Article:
The one about birthdays.
I’ve been feeling really stressed lately. Not only am I trying to buy a house - in Sydney, because I’m a glutton for punishment. But also, it’s been a year. I’m going to write that again with caps so you know where to put the emphasis. It’s BEEN a year. Not, it’s been a YEAR. It’s BEEN a year. Now, that we’ve got that sorted I can move on.
This time last year I was seven weeks pregnant and a week away from turning thirty. I had a whole lot of celebrations planned - lunches and dinners, a party with friends, boozing galore. When I found out I was pregnant I nixed the boozing, but still thought I’d be able to keep up with the rest of the festivities - my main concern was hiding my pregnancy from everyone, who would undoubtedly notice my sobriety. But when I was four weeks pregnant hyperemesis gravidarum kicked in - by the time my birthday rolled around I’d been in bed for two weeks straight and hadn’t eaten anything except hydralyte icy poles and rice bubbles.
I spent my thirtieth birthday alternating between bed and the bathroom - with an interlude of an hour where I sat with my family while they ate lunch. I managed a few bites of birthday cake and then went to bed. It was exactly how I imagined my thirtieth ending - me falling into bed, exhausted after vomiting up my last meal, some of it still in my hair. Except it happened at 3pm in the afternoon, not 3am and I wasn’t drunk and exhausted from a night of revelry, I was pregnant.
So nine months of that happened and then I pushed a three kilo baby out of a ten centimeter hole. Someone used a pair of scissors on me, apologised, put thirty stitches in me and sent me on my way. I bled for two weeks, lost the top few layers of skin on both my nipples and my iron was so low I couldn’t shower unsupervised for a week. Add into that all the usual stresses of life, plus trying to buy a house and survive on a single income for the better part of a year - and it’s been a real time. I’m absolutely shattered - I could sleep for several months and still feel the exhaustion in my soul.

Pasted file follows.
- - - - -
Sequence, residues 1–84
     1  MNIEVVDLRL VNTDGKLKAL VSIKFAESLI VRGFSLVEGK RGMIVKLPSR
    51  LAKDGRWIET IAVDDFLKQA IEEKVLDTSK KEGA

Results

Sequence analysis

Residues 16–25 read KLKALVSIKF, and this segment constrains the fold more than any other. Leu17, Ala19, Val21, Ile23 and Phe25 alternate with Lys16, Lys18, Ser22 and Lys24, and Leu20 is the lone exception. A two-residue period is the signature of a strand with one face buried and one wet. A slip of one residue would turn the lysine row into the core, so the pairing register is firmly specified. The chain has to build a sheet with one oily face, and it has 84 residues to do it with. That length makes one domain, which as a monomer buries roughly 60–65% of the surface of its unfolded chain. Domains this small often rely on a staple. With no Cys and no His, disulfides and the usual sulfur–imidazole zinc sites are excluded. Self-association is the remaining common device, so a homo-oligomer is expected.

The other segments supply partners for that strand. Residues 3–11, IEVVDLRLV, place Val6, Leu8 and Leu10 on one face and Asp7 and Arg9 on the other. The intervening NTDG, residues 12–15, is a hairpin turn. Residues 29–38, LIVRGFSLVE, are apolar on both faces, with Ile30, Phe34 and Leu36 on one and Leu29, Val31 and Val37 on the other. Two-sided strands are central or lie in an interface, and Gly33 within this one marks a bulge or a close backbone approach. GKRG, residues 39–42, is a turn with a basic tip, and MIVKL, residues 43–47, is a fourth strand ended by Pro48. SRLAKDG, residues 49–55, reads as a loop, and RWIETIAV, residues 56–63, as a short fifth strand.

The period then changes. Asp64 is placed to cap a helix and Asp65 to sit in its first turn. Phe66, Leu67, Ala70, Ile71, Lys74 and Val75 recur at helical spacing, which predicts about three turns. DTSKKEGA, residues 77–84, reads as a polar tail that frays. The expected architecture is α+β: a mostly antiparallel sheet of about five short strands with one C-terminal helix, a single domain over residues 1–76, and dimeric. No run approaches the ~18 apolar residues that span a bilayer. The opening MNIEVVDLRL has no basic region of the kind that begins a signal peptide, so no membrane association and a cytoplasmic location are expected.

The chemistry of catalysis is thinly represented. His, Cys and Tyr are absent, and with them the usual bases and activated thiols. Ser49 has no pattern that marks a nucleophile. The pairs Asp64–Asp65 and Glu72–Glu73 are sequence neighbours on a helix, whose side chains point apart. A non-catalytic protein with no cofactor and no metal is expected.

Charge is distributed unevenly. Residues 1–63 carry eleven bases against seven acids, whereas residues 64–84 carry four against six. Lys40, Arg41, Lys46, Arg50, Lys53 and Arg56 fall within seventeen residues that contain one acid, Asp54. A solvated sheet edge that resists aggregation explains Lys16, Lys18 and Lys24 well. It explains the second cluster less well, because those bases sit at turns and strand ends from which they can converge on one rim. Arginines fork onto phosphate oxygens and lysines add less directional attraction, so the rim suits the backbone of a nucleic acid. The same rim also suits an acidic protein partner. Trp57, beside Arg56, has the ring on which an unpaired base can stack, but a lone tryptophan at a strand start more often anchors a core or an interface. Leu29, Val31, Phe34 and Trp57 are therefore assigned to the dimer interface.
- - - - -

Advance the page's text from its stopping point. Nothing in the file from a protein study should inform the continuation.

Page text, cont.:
I’m ready for this year to be done with and to start my thirty-second year with a bang. Not really a bang, more like a slow high five where not much energy is exerted but everyone feels pepped up regardless. I feel like I’ve aged five years in the last one, and I reckon I look it too. My body has been through the ringer but my soul is what’s really copped it. I thought my pregnancy would break me. At my lowest point I cried hysterically for four hours before I literally passed out from the sheer effort of it - and probably dehydration, HG sufferers can’t afford to waste moisture on tears. And then when I was pretty much defeated by it, Monty was born. The emotional whiplash was insane - birth is a HELL of a thing. Having a baby is a HELL of a thing. And trying to navigate your feelings about all of it while recovering from birth and pregnancy is a HELL of a thing. I have nothing even remotely insightful to offer on all of that because I am so exhausted. But I promise to stop forcing emphasis on you and for the rest of this post will let you decide how you read things.
In many ways it’s been the worst year of my life. And in many ways it’s been the best. I’m too tired to fully process how I feel about all of it - I suspect it’ll take me at least most of next year to do it. I promise to check in ahead of my next birthday and let you know how I’ve gone with that. I’m ready for this year to be behind me, for it to be a memory that I just get to slowly unpack and repack. But I’m also grateful for the tiny wins that are now starting to stack up against the hideous moments from the first seven months of the year. My kid now laughs hysterically when I sing a song from Bob’s Burgers about bowel movements. She blows raspberries and scares herself because she doesn’t realise she has lips. When her face crumbles into a pouty cry she resembles a small old man. I recently discovered a dry shampoo that has brown dye in it that hides my blonde regrowth. I’ve been getting my nails done and they’re looking schmick. I can eat cheeseburgers again - and ain’t that the sign of a life well lived.